“We Need All Members on the Floor. All Members on the Floor Please.”

The above statement is periodically voiced by the presiding officer during meetings of the full Assembly.

It is not an order for members of the lower house to swiftly flatten themselves against the green carpet of their ornate chamber.

Nor does it signal some medical emergency, security breach or impending natural disaster.

Although the urgent tone taken by Assemblywoman Nora Campos, a San Jose Democrat, when she presides certainly suggests some imminent calamity.

The above phrase is legislative code.

What it means is that the calamity about to occur is a fellow Democrat’s legislation not receiving the votes required to send it forward to the Senate or the governor.

It should be noted that some observers would not consider a Democratic bill failing passage to be a calamity but rather a celebration.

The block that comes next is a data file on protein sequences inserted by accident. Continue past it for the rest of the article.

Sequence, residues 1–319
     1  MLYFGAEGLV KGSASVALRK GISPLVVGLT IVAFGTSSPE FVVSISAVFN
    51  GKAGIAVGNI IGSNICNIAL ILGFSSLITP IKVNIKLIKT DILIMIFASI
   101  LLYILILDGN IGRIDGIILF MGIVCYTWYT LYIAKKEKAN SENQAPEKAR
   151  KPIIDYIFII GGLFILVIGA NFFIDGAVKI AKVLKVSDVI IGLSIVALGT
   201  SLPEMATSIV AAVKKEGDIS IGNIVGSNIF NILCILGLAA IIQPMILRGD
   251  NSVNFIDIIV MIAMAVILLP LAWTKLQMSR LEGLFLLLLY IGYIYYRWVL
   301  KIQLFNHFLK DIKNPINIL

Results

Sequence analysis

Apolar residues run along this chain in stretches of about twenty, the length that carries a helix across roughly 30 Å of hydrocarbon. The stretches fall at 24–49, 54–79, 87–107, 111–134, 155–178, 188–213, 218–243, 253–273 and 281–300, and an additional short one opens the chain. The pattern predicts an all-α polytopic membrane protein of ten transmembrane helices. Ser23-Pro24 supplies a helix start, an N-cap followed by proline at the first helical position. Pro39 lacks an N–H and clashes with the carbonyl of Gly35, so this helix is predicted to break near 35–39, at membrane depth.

Not in a legislative body controlled by Democrats, however.

Most commonly, members are needed on the floor of the Assembly when a bill requires a two-thirds vote for approval.

There are 54 Democrats in the 80-member Assembly – the bare minimum needed for a two-thirds vote.

Hence the urgent tone.

Most bills that need only a 41-vote majority aren’t as problematic.

As many as 13 Democrats can wander out of the chamber, return six or seven phone calls, take meetings in their offices, confer with staff or perform any number of other legislative tasks while the requisite number of their colleagues gut it out on the Assembly floor casting the magic 41.


The preceding has a been a Public Service Announcement from California’s Capitol and the state Assembly:

“Building Better Lives Through Legislation.”


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